Quick Szechuan Pickles

Categories: Liver Qi Stagnation, Spleen Qi Vacuity

Quick Szechuan Pickles

Thom Heil – PCOM Chicago

makes enough to fill one large canning jar

Ingredients:
•
• 1 daikon radish
• 1 carrot
• 1 cucumber
• ½ lb. Napa cabbage
• 4 dried chili peppers
• 2 tsp whole Szechuan peppercorn
• 3 Tbsp salt
• 2 cups boiling water
• 2 Tbsp rice wine
• 1 cinnamon stick (2†long)
• 3 slices ginger

Preparation:

1. Put water on stove to boil.
2. Chop daikon, carrot, and cucumber. Do not peel. Tear the cabbage leaves into shreds. Chop the dried peppers into small pieces.
3. Place the peppercorn, salt, and dried peppers in the bottom of a pickling jar. Pour in the boiling water, stirring to dissolve the salt. Cool for 10-15 minutes.
4. Stir in the rice wine. Add the cinnamon stick, ginger, and vegetables. Cover and let sit for at least 2 days before using.

TCM breakdown:

ingredient
channels entered
tastes/temperature
actions
daikon
LU, LI
acrid, sweet, cool
• clears heat, relieves toxicity
• rectifies middle jiao
• promotes BM
carrot
SP, LV, LU, HRT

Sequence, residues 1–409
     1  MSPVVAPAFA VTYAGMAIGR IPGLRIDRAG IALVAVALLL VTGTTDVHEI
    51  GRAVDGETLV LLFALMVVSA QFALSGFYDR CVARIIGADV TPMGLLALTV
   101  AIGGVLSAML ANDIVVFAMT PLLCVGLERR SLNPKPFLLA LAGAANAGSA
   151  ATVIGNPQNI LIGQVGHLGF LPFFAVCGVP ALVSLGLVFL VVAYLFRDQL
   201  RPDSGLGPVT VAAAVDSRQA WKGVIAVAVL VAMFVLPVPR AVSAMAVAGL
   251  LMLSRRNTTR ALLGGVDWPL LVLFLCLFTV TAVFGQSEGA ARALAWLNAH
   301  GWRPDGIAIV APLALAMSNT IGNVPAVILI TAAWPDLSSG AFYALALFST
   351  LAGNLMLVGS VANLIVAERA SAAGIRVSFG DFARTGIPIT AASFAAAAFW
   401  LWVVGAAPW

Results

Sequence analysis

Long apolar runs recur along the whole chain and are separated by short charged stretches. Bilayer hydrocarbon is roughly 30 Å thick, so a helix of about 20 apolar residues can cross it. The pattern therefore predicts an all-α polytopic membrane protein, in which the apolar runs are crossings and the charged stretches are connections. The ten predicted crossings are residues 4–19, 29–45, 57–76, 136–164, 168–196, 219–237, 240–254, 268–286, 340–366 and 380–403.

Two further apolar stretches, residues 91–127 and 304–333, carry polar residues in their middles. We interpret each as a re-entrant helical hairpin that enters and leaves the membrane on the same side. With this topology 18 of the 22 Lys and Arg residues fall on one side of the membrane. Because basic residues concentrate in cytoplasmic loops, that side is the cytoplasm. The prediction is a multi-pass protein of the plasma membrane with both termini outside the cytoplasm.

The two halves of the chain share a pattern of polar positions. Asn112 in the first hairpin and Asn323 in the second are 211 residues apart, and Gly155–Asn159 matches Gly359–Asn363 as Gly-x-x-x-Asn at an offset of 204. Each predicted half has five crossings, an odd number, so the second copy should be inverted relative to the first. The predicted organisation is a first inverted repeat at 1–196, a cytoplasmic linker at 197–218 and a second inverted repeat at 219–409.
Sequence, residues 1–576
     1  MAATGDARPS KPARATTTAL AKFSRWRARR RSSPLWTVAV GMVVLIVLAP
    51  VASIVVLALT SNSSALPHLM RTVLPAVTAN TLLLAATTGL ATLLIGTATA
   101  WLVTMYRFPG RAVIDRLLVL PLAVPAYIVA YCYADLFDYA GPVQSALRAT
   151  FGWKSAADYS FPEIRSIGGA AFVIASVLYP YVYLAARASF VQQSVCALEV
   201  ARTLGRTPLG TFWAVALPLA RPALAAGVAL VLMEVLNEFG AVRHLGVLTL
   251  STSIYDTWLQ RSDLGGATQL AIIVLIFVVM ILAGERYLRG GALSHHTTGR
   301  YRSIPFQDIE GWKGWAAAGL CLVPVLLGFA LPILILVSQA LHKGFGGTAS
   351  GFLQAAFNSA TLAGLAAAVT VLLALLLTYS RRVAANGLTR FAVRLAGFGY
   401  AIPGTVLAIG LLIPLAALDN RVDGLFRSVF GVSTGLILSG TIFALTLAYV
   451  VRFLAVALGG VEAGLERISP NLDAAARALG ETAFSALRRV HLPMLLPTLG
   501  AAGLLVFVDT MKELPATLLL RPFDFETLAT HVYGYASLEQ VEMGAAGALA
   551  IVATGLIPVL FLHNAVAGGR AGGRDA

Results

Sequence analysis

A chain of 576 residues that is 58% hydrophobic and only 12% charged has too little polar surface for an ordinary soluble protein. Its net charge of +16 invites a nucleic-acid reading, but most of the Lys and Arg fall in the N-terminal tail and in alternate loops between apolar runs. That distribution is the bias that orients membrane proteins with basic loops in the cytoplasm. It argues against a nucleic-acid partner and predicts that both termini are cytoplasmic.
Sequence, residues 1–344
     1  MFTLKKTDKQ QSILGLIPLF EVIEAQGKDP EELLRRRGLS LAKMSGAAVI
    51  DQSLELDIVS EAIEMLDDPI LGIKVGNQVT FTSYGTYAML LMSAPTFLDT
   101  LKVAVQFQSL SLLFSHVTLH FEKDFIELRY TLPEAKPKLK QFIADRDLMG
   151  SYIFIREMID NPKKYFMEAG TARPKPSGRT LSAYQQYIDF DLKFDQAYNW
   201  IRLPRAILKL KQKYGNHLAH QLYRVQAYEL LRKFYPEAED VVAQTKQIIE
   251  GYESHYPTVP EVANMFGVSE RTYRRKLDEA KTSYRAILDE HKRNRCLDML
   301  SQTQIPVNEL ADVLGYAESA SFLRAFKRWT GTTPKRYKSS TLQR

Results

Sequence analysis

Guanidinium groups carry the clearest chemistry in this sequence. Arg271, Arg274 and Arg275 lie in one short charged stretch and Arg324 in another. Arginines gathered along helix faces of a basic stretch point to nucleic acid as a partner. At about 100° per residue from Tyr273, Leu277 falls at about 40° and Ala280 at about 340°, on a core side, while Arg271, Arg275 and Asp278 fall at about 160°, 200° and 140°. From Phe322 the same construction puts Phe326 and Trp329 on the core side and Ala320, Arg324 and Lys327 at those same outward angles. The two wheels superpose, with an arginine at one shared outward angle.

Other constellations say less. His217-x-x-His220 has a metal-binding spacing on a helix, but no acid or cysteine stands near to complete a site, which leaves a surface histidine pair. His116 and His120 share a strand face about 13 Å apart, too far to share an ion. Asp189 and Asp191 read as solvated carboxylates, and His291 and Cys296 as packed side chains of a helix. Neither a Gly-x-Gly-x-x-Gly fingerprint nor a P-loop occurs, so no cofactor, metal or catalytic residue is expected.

sweet, neutral
• strengthens SP & HRT
• nourishes & soothes LV
• benefits LU
• promotes diuresis
• soothes inflammation
Napa cabbage
ST, LI, UB
sweet, cool
• harmonizes ST
• clears heat, stops cough
• promotes diuresis & BM
cucumber
??
sweet, bland, cool
• clears heat, quenches thirst
• relieves irritability
• promotes diuresis
salt
KD
salty, cold
• clears heat, cools xue
• eases BM
• nourishes KD
chili peppers
?? (ST, LI)
?? (acrid, hot)
• ??
• (warms middle jiao)
• (descends ST qi)
• (expels damp & cold)
Szechuan peppercorn
KD, SP, ST
acrid, hot
• warms middle jiao
• disperses cold, stops pain
• kills parasites
• warms mingmen fire
rice wine
ST, LV, HRT
acrid, sweet, warm
• expels cold
• invigorates xue
• stops pain
cinnamon
SP, ST, UB
acrid, sweet, warm
• invigorates yang
• dispels cold
• promotes xue circulation
• warms mingmen fire
ginger
LU, SP, ST
acrid, warm
• disperses exterior cold
• stops nausea & vomiting
• detoxifies other herbs
• reduces inflammation

The vegetables, sweet and cool by nature, clear heat, harmonize the middle jiao, encourage diuresis, and lubricate the intestines to facilitate bowel movements. The warm nature of the spices warms the middle jiao and expels cold, while their acrid flavor moves qi. The opposing temperatures of the vegetables and the spices make this recipe neutral on the whole. Its site of action is the middle jiao, where it warms the SP and ST while it lightly moves qi and cools heat from stagnation. It also acts on the lower jiao, where it motivates both urination and defecation.

CI: overeating raw veggies could lead to cold in MJ (and then dampness). Spice level can be adjusted to heat level desired.

I would recommend this recipe to patients with a combination of LV qi stagnation and SP/ST qi deficiency. Like Ban Xia Xie Xin Tang, it contains opposing ingredients which act as a whole to combat a multi-faceted pattern.